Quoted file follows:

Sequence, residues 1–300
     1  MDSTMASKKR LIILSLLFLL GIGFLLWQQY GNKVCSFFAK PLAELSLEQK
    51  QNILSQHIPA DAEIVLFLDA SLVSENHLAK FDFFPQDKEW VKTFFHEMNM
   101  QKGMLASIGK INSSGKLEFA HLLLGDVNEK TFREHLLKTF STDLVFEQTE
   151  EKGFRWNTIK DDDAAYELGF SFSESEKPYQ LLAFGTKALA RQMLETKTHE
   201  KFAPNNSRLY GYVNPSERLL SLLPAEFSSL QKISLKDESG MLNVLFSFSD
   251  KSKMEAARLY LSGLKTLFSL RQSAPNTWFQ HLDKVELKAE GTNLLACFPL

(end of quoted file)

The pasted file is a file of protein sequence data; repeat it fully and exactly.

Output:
Sequence, residues 1–300
     1  MDSTMASKKR LIILSLLFLL GIGFLLWQQY GNKVCSFFAK PLAELSLEQK
    51  QNILSQHIPA DAEIVLFLDA SLVSENHLAK FDFFPQDKEW VKTFFHEMNM
   101  QKGMLASIGK INSSGKLEFA HLLLGDVNEK TFREHLLKTF STDLVFEQTE
   151  EKGFRWNTIK DDDAAYELGF SFSESEKPYQ LLAFGTKALA RQMLETKTHE
   201  KFAPNNSRLY GYVNPSERLL SLLPAEFSSL QKISLKDESG MLNVLFSFSD
   251  KSKMEAARLY LSGLKTLFSL RQSAPNTWFQ HLDKVELKAE GTNLLACFPL